Marguerite Reardon, yesterday on cnet, has a good overview of the new FCC rules regarding net neutrality. In the end, this looks like one of those political compromises that can be cast as the ‘right’ solution because no one is happy with it, but, in fact, no one is happy because the decision makes little sense as an approach to the problem at hand.
At The Unofficial Apple Weblog is speculation as to whether Apple will be a target of “Anonymous” now that the company has pulled the WikiLeaks app from the store. I am disappointed that this choice was made, but have long given up the illusion that just because I like their tech and design sensibilities that Apple is anything other than a profit-maximizing, risk-averse corporation.
In the cities and design realm, on Lost Remote, I saw this piece about interactive bus shelters in San Francisco. The article is really just a ‘teaser’ about the project, but I am certainly intrigued by the possibilities of using public space like this for social interaction and play.
In comics movie news:
- At The Wild Hunt, Jason delivers the best response I have read to the racist furor over Idris Elba having been cast as Heimdall in the upcoming Thor movie (link via Ragnell on Twitter).
- And this casting news, from MTV’s Splash Page, is something I like.
Finally, a Christmas memory from Kate Beaton.
Here are a few items from the last few days:
On “She Has No Head!”, Kelly Thompson lists her twenty favorite female comics characters (link via Thompson’s blog). I think she makes good cases for all of the selections, but notable exclusions for me are: Kate Spencer/Manhunter, Helena Bertenelli/Huntress, Liz Sherman (B.P.R.D. and Hellboy), Tamsin from Skeleton Key, and Esther de Groot from Scary Go Round and Giant Days. If I were to really do this exercise, I would seriously consider Patsy Walker/Hellcat, Elsa Bloodstone (NEXT Wave), and Bethany Black (Strange Girl). I’m not sure if or how autobiographical characters fit into these kinds of discussions, but Marjane Satrapi would certainly make me want to think about it. As always, the tough question is who to take off of the original list.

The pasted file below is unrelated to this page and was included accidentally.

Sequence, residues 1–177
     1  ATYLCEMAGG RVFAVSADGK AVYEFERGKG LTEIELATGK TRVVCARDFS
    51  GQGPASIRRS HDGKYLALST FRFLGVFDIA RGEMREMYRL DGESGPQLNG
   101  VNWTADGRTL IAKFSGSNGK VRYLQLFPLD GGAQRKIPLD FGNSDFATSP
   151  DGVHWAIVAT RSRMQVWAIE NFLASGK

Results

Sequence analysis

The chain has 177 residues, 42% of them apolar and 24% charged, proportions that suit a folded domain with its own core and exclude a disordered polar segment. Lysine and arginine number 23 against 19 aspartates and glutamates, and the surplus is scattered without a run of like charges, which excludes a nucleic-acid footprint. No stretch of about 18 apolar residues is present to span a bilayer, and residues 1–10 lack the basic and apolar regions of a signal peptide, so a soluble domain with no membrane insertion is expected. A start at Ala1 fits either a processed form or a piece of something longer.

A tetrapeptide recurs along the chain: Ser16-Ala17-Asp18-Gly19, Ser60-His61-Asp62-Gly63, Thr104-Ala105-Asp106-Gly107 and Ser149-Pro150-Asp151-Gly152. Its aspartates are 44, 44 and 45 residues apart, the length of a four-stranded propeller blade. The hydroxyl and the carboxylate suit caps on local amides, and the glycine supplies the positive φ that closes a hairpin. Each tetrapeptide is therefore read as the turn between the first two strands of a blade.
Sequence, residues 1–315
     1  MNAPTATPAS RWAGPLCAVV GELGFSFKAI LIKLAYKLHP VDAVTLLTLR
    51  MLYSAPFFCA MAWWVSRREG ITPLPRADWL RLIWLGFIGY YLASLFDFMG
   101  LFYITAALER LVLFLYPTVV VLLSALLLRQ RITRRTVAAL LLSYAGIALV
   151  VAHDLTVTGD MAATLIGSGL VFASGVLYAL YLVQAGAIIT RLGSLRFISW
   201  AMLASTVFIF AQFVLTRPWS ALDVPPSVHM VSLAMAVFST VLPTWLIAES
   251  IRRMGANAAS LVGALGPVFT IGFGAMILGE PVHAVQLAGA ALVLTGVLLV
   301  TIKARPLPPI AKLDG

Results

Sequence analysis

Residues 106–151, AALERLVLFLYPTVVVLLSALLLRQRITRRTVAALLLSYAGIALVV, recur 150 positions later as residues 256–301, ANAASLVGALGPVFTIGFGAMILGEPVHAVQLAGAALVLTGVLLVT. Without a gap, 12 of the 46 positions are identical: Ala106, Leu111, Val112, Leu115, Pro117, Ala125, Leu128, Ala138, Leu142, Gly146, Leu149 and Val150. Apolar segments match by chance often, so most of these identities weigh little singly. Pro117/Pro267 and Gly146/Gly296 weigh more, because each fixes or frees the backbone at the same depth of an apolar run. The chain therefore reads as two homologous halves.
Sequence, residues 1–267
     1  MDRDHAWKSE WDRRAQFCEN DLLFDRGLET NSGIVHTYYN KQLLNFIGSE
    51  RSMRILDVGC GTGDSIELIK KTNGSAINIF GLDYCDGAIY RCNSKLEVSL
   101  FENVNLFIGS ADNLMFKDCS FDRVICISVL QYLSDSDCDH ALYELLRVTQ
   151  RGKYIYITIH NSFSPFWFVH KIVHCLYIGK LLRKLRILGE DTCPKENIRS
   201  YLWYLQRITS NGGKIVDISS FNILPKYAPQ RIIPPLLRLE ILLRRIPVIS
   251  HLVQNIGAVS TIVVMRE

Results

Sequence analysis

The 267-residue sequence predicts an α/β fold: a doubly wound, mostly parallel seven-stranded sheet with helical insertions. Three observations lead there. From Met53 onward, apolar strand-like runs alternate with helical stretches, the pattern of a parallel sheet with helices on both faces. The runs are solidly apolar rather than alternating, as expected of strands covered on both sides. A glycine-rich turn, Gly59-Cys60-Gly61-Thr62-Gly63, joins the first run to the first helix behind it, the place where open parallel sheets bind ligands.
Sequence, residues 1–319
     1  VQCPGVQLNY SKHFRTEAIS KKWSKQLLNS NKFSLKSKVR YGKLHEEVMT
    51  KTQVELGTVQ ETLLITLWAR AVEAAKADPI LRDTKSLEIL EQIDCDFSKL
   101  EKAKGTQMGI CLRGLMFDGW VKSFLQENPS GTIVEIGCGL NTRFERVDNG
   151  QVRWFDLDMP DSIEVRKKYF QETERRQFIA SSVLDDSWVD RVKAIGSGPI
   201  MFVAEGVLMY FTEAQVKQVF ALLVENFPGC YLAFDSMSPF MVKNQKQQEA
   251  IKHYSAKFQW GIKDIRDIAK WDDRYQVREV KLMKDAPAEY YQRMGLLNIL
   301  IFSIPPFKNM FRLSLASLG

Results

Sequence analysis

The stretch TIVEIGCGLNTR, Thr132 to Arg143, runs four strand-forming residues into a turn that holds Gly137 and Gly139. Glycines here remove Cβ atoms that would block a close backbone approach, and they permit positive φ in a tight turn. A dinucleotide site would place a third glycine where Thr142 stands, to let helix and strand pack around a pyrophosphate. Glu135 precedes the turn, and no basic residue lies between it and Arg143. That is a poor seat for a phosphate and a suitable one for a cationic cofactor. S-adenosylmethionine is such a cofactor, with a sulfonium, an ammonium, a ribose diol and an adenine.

Addendum: one of the fun and frustrating things about these lists is that once your brain starts working on them, it’s hard to let go. So, on further thought, Melaka Fray (Buffy the Vampire Slayer) would likely be on my still hypothetical alternate selection, and it would be hard to leave off Hopey and Isabel from Love & Rockets, but not specifically as replacements for Maggie.
Torontoist has a feature on artist Sean Martindale’s urban art project that uses condo ads to make pup tents, a clever comment on housing and inequality and property rights and public space.
Finally, a cute, but kind of mournful looking, little treat from Renee French.
Much to do the past few days, but here are some items I have been saving: